On the question of double taxation...well, it depends on how they did it I think. Consider the sales tax US states charge. If I live in a state with 7% sales tax and buy something in another state that only charges 5%, in many (most?) states I'd be legally required to report that and pay my home state the additional 2% sales tax. Many people are aware of the push by states to collect sales tax on non-taxed online purchase, but "undertaxed" sales are also subject to the same laws. (Of course, if I buy something in a state that charges 9%, I can't claim a refund!)

I believe, but not sure, that similar rules apply for US individuals who earn money overseas. You have to pay US income tax, but you get a credit for taxes you may have paid to the country where you earned the money.
post #35 of 45
Quote:
Originally Posted by Wiggin View Post

 

One supposed method would be to transfer [some nebulous] intellectual property from Apple US to Apple Ireland.

 

According to Tim Cook's statement, Apple does not do that.

post #36 of 45

Impressive performance by Tim Cook.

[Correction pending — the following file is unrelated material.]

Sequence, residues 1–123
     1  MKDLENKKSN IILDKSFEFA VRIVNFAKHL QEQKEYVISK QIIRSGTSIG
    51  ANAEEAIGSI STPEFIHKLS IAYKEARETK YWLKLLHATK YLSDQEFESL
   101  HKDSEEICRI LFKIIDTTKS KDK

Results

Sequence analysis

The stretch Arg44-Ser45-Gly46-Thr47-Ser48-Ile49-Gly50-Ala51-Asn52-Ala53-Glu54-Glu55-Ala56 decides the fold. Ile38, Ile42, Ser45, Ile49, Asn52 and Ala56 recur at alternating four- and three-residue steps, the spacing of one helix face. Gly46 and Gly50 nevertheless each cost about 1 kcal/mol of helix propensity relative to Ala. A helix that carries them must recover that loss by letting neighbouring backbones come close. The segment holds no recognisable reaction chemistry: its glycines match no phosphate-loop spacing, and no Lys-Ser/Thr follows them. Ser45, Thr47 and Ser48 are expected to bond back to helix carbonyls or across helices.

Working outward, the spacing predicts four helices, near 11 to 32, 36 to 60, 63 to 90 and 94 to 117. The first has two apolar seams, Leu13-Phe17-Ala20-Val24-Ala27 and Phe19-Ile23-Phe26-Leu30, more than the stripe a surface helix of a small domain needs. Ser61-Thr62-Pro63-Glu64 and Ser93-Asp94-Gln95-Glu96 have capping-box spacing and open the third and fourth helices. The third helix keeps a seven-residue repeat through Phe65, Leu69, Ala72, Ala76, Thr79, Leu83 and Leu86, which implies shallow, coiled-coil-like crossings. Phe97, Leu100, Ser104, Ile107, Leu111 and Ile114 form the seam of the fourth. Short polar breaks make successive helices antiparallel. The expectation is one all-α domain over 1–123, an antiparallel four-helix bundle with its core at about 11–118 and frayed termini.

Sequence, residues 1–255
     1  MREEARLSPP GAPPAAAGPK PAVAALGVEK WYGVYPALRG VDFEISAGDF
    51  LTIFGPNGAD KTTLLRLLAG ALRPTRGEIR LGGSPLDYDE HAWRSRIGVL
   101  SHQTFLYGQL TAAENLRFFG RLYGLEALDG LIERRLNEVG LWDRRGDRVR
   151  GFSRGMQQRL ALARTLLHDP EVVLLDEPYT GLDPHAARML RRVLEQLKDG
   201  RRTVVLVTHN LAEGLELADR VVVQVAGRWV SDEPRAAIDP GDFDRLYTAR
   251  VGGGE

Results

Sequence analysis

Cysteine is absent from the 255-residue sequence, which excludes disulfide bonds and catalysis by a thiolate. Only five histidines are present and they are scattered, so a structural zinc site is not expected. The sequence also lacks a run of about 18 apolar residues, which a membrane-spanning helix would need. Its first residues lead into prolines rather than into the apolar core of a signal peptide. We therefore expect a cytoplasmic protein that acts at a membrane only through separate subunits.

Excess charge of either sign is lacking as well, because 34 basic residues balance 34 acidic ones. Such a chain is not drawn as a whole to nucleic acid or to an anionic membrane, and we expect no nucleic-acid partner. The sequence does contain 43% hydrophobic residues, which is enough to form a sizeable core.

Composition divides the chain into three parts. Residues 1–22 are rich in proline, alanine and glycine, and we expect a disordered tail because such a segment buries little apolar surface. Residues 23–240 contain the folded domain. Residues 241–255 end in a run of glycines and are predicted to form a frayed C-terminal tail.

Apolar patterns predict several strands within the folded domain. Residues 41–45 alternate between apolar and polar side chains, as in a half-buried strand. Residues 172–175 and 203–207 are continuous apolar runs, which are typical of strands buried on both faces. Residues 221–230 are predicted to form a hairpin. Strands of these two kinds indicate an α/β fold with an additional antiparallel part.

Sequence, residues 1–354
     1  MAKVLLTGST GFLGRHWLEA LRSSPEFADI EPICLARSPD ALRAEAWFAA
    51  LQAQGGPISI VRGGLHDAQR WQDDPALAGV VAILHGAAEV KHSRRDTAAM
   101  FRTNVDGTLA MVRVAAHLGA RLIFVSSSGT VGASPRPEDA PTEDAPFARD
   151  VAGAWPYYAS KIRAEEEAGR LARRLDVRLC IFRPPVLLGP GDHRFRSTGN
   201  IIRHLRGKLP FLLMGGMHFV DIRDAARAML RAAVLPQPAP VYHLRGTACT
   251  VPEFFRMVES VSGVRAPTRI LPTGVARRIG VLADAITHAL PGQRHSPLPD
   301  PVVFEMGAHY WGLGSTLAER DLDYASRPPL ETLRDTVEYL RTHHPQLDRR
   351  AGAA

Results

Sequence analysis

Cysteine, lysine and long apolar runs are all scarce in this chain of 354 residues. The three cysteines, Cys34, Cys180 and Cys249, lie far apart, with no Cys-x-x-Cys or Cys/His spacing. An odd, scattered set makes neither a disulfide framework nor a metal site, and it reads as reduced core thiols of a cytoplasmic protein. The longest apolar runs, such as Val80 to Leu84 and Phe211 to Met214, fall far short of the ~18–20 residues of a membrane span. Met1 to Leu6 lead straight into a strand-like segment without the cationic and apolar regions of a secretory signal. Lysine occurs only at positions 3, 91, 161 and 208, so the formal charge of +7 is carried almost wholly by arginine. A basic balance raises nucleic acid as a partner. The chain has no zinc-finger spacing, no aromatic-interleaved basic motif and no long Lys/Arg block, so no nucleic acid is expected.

Just one question.  Apple is an American tax resident company.  All the profit Apply made through it's subsidiary companies around the world belongs to Apple.  Would Apple be required to pay American corporate tax on all profit Apple made (of course after deducting corporate tax paid overseas)?  

post #37 of 45
Quote:
Originally Posted by hjb View Post

Impressive performance by Tim Cook.

 

Just one question.  Apple is an American tax resident company.  All the profit Apply made through it's subsidiary companies around the world belongs to Apple.  Would Apple be required to pay American corporate tax on all profit Apple made (of course after deducting corporate tax paid overseas)?